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Dark brown goop building up on walls of reservoir - is it the kill coil? - Page 3

post #21 of 35
Quote:
Originally Posted by MeanBruce View Post

OK, thank you very much, just saved a little money, also will there be any metallurgic galvanic reactive issues using nickel plated Monsoon fittings with the copper brass rad?

Sorry to hijack this nice man's thread, but you guys just ROCK. biggrin.gif

There will always be chances of corrosion when mixing metals, always.
However, nickel, brass, and copper together are relatively safe.
Still I would use anti-corrision unless I could get only copper in the soup.
And that's never going to happen.

Some guys dont use any corrision protection and are just fine.....not everybody tho.
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post #22 of 35
Thread Starter 
I just finished tearing the loop apart. In addition to the brown gunk in the reservoir, there is another substance attached to the walls of the tubing. Here is a picture of what I'm talking about:



I had a difficult time getting the camera to focus but hopefully you can make out the greyish substance I'm referring to. Is this plasticizer? If so, could it come from something other than the tubing because from what I've read, PrimoChill Primoflex Advanced LRT doesn't do this?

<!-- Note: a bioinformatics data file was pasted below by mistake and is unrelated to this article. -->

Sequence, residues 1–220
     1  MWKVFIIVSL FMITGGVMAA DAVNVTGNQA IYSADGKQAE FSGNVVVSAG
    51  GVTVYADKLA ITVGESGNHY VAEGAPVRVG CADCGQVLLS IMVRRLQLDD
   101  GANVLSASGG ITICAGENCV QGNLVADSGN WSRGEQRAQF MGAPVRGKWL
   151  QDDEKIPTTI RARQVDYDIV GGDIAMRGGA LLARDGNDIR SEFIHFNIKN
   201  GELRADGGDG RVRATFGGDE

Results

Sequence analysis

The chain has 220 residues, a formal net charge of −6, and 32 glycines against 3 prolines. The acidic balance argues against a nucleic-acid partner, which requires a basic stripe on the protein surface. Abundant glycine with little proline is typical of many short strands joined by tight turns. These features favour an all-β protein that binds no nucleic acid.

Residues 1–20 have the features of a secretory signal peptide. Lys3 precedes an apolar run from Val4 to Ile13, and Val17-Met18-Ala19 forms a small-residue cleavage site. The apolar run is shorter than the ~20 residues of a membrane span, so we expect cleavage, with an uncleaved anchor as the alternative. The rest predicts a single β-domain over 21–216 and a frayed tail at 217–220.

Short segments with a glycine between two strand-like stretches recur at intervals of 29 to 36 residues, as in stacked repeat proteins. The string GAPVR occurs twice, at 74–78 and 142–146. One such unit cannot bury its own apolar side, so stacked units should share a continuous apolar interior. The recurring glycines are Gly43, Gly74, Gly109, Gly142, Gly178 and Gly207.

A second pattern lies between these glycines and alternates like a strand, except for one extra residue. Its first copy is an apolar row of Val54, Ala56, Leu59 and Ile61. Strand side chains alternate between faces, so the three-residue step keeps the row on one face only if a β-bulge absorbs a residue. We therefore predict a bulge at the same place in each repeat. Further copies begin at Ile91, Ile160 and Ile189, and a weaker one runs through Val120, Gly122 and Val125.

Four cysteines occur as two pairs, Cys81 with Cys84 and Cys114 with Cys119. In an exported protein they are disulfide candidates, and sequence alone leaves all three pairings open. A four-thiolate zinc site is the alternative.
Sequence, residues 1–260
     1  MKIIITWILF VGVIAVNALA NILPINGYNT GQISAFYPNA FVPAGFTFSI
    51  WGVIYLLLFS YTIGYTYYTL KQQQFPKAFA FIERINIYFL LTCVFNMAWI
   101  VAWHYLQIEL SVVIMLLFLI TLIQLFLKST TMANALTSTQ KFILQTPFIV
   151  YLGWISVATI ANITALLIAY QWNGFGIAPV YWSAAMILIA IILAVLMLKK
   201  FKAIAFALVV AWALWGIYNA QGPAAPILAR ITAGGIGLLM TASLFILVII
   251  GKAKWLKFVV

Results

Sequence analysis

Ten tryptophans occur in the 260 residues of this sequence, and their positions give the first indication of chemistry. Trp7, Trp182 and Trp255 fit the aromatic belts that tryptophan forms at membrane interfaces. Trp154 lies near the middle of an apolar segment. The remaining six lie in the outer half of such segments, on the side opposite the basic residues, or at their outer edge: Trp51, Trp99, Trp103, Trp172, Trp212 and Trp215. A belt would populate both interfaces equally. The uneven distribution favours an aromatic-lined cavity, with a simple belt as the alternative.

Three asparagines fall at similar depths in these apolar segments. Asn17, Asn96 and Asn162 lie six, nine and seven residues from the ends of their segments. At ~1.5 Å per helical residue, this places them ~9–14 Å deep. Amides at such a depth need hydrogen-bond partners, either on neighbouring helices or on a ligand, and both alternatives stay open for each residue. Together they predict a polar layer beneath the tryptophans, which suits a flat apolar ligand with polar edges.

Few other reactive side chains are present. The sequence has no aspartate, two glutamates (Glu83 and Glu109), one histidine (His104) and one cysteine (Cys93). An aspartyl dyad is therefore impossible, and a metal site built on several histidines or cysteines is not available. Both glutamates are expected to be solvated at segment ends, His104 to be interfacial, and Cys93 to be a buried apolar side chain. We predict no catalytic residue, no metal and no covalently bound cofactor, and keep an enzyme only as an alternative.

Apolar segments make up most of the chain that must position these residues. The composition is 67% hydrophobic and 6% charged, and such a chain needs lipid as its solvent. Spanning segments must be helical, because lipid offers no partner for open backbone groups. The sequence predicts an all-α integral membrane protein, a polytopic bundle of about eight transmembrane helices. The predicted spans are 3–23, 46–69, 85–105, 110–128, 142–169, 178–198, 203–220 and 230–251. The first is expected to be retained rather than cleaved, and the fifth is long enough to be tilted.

Quote:
Originally Posted by B NEGATIVE View Post

the whit crud at the waterline is a contaminant,possibly rad debris or acrylic swarf from a block.

The brown looks organic,possibly because the condensate being stagnant,pull a fitting and check the threads or any other part of the loop with low flow,if there is brown crap in those too then its almost certainly organics

I checked the threads on the fittings and there is indeed something on them. It looks similar to the substance on the walls of the tubing only the color of it is more like a seafoam green. Is it possible these are all the same substance and something caused it to turn brown in the reservoir?


Thanks again, I really appreciate the help.
post #23 of 35
A green substance on your fitting threads?
And you said you used biocide, right?

Dude, you got one weird soup going on in that loop.
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post #24 of 35
It's plasticizer all around. Plasticizer can very commonly appear greenish, especially if it traps some copper oxides in it, formed from free copper ions floating in your loop combining with other impurites.

I think it is also very plausible to see extra gunky buildup of plasticizer at the waterline in a res, since the action of the agitating and changing water level can cause it to dry more noticeably there, and keep building up thicker on the same spot once it's laid down.

BTW someone else posted about silver kill coils stopping working when the loop stops circulating, and that's completely wrong. Kill coils work by leeching free silver ions into the coolant, which then circulates. The ions don't suck back into the kill coil when you turn the pump off, they stay in solution in the coolant. The free ions are what kill microbes, not the microbes washing over the solid coil.